The African National Congress (ANC) said that it would unite all South Africans to create a better country for all those who lived in it, by re-popularizing the Freedom Charter. This declaration came at the ANC’s 103rd anniversary celebrations at the Cape Town Stadium on Saturday; roughly 60 years since the Freedom Charter was first introduced.
“Sixty years later we celebrate the unity of the people of South Africa, and the prescripts of the Freedom Charter find expression in the Constitution of the Republic of South Africa,” said President Jacob Zuma.
“The clauses of The Freedom Charter refer to all South African regardless of which part of the country they are from. Therefore, what we are expecting to do as the ANC is to popularize the Freedom Charter, because it has always been there but has somehow been put on the back burner,” according to ANC National Executive Committee member, Lindiwe Zulu.
During the bash, the ANC stated that as the ruling government of the country, it would continue to govern with the ideals which were enshrined in the Freedom Charter, further stating that the charter would assist in alleviating the country of the plights left behind by the legacy of Apartheid.
“With the preamble it can be seen that the constitution has its foundations in the Freedom Charter. Let us recognize that, under the ANC government, indeed the people will govern,” stated Zuma.
To meet the ideals of the Freedom Charter, the party vowed to push ahead with the implementation of the National Development Plan (NDP), which they were hopeful would address the ongoing issues of poverty, unemployment, job creation, inequality, security and land restitution.
Furthermore, they were confident the NDP would assist in fostering social cohesion amongst all South Africans.
“This plan once implemented will put in place a South Africa that belongs to all who lives in it,” says Zuma.
Despite the promises, Zulu said the party would be unable to fulfill these ideals in the Western Cape so long as the province was still being run by the Democratic Alliance (DA).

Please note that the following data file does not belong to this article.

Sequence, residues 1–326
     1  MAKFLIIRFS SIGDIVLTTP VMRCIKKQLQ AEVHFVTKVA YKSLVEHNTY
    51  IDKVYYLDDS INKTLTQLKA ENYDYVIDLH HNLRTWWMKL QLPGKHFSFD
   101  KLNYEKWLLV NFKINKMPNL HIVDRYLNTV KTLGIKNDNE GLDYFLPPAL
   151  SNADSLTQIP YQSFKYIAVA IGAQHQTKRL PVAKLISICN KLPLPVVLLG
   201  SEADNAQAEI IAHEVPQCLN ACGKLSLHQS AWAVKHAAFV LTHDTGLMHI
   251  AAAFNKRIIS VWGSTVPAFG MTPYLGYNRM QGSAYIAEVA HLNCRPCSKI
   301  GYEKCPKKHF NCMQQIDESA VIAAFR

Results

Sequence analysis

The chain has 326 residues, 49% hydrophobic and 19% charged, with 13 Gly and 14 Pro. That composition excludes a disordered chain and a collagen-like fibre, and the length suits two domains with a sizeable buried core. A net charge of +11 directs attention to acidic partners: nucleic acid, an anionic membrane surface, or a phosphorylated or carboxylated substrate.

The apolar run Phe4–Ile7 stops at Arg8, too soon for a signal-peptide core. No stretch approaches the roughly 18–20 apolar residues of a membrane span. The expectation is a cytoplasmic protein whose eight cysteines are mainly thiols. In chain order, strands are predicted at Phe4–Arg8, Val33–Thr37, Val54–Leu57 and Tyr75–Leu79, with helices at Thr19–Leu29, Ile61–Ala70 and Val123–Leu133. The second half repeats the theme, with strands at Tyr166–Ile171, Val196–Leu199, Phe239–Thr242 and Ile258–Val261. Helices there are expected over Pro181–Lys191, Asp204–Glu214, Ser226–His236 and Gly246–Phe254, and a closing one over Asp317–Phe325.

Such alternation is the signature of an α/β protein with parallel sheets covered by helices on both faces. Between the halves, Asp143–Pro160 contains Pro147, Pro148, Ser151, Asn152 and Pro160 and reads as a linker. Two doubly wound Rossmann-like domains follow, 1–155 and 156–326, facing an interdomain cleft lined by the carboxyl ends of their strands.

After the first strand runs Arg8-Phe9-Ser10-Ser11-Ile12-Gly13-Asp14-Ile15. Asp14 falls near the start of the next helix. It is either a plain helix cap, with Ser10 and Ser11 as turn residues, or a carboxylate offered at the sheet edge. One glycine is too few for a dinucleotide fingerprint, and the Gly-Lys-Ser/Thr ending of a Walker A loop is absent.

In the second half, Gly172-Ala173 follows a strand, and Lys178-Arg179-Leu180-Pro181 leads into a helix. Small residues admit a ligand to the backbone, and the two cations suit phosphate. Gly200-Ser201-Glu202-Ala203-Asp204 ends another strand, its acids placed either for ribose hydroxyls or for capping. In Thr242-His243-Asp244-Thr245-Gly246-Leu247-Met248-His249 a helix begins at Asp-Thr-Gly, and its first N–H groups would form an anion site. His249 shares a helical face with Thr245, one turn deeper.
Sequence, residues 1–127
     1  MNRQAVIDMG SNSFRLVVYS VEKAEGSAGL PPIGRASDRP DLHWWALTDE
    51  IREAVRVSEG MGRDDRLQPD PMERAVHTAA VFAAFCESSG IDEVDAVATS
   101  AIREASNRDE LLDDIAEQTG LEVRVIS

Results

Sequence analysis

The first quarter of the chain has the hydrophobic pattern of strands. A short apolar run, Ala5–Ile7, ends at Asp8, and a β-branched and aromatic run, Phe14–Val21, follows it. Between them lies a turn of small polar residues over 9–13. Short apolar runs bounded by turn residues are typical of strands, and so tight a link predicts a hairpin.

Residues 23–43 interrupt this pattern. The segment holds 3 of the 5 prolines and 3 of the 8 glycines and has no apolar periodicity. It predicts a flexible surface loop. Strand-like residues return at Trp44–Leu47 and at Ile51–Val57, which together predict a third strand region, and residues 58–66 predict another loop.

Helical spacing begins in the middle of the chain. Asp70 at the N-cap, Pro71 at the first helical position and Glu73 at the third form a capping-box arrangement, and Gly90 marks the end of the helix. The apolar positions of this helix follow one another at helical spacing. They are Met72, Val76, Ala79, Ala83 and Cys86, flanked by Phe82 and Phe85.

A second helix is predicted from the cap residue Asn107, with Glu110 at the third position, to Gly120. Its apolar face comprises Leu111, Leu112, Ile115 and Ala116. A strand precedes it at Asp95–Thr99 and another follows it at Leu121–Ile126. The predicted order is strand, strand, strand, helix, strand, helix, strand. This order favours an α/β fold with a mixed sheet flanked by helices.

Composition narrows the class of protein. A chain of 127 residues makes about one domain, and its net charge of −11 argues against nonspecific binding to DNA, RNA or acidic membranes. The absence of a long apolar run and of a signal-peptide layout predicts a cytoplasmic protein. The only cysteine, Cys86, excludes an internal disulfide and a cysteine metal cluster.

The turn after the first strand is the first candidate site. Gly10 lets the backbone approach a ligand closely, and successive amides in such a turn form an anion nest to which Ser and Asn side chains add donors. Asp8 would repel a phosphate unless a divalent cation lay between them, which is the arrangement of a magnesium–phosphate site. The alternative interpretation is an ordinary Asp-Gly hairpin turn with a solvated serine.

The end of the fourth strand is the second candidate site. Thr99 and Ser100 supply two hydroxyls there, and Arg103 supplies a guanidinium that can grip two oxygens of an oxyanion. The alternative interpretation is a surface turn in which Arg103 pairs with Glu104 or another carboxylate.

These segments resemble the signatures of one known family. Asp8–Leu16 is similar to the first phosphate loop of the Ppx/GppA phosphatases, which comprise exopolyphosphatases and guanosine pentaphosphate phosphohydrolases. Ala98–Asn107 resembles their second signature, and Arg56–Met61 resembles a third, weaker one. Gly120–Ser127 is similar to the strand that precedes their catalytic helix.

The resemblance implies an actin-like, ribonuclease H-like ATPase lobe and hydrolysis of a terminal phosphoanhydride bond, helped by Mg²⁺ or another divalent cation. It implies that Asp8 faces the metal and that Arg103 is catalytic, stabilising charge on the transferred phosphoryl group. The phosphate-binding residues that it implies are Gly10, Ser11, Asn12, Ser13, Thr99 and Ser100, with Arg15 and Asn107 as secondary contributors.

“It’s a challenge for us to implement the NDP as long as the DA governs the Western Cape,” she said.
Celebrations for the event itself kicked off with an enthusiastic rendition of the national anthem, as well as prayers from the interfaith community. Crowds were treated to performances by the Cape Town minstrels, with several musicians also entertaining the audience.
“The ANC today has finally arrived (in the Western Cape), because this stadium is full. The last time this stadium was full was at the 2010 World Cup,” said Western Cape ANC chairperson Marius Fransman.
Most supporters who flocked to the stadium were confident about the ANC’s ability to deliver on their promises.
For Pumela(26), originally from Kwazulu-Natal, the ANC had delivered the required resources such as clean running water and electricity, to his village back home.
“Everything I know is ANC. There is a lot of development in my area thanks to the ANC. There was no electricity and now there is. What I would like to see going forward is the eradication of squatter camps in rural areas,” he said.
Busisiwe (26) from Khayelitsha said there had been major differences since the ANC took power in the country. She referred to quality education as one such right, once denied to people of colour.
“Now that the ANC is here a lot of things have changed. Now we have jobs and we can study,” says Busisiwe.
The ANC went into townships in the Western Cape to gain support prior to the anniversary celebrations. They claimed they wanted to go to the heart of the struggle.
“We go to townships because this is where the people have struggled. This is where most of our support comes from,” says Zulu. VOC (Nailah Cornelissen)